47 Extraordinary Psychological Facts about humans


#1 — You Have “Inattention Blindness”

Firstly, check the video below:

This is an example of what is called “inattention blindness” or “change blindness”. The idea is that people often miss large changes in their visual field. This has been shown in many experiments.

So what does this mean if you are designing a website or something on a computer screen? It means that you can’t assume that just because something is on the screen means that people see it. This is especially true when you refresh a screen and make one change on it. People may not realize they are even looking at a different screen. Remember, just because something happens in the visual field doesn’t mean that people are consciously aware of it.

#4 — You Imagine Objects From Above and Tilted (The “Canonical Perspective”)

Why you should believe the research in this blog post even though it’s from 1981— Whenever I talk about “old” research some people start right away to dismiss it. It’s easy to think that research done in the 1990s or 1980s, or heavens! the 1970s! couldn’t hold any interest for us now. I heartily disagree. If the research is sound and it’s about people, then the chances are high that it still has relevance. Certainly if you are talking about research from the 1980s showing that it is hard to read text on a computer screen, then more recent data is important –  the quality of computer monitors has changed so dramatically from the 1980s till now (believe me on this one, as I was around to see the screens of the 1980s. I am aware that many of you reading this blog have only seen a screen from the 80s in the Museum of Modern Art in Manhattan, or maybe you saw it in an old black and white movie (joke), or, as my daughter likes to say to me, “that must have been when you were younger and the dinosaurs roamed).Have an Open Mind— So the purpose of the above long preamble to ask you to have an open mind about the following research that was done and written up in a book from 1981.Draw a Coffee Cup — If you ask someone to draw a picture of a coffee cup, chances are they will draw something that looks like this:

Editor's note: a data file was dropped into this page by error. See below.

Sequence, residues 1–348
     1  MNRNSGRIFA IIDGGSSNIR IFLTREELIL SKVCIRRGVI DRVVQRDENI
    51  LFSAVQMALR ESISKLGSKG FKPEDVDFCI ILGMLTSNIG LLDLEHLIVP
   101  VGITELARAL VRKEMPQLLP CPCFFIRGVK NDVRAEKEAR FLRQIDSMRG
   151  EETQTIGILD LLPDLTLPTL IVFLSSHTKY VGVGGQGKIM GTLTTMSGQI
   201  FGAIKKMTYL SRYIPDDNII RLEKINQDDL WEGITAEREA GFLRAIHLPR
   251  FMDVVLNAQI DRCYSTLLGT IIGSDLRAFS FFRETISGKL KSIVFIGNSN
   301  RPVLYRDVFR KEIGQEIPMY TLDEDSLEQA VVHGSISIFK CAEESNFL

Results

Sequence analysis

Everyone Drew A Similar Picture — In fact, a researcher named Palmer went all around the world and asked people to draw a coffee cup and the pictures above were what people drew. Notice the perspective of the cups. A few of them are “straight on”, but most are drawn from a perspective as if you are slightly above the cup looking down, and offset a little to the right or left. This has been dubbed the “canonical perspective”.

Why Not This? — No one he studied drew this:

which is what you would see if you were looking at a coffee cup from way above and looking down. Of course not, you say, but…. why not? And if you are going to say that the first perspective is the one that we actually see most of the time, when we look at a coffee cup… that it is the angle we are used to seeing the cup on our kitchen tables, I will tell you that this research has been done on many objects. For example, people were shown pictures of horses from various angles and perspectives and they most quickly recognized it as a horse when it was from this same canonical perspective. Yet I am fairly sure that most of us have not looked at horses from above most of the time. And the research was done with people recognizing a very small dog or cat. The canonical perspective still won out, even though when we see cats or very small dogs we are mainly looking at them from high above, not just slightly above. In fact the research shows that when we imagine an object we imagine it from this canonical perspective.

So, Why Care? — It seems to be a universal trait that we think about, remember, imagine and recognize objects from this canonical perspective. Why care? Well, if you want to use icons at your web site or in your web or software application that people will recognize, then you might want to use this perspective. This is probably not so critical if you are using a well known logo, for example, the logo for itunes or Firefox, but becomes important if the icon is not as familiar, such as recognizing below that one of the logos is of a truck, or a photo printer.

Read More at BusinessInsider.com

Originally published at WhatMakesThemClick.net.

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3 thoughts on “47 Extraordinary Psychological Facts about humans

    1. Nah, it wouldn’t make much sense. After 47 copy-pasted paragraphs with images and videos I would have anyway linked for the original source. It’s better to offer a preview if the article is too big and isn’t written by you, imo.

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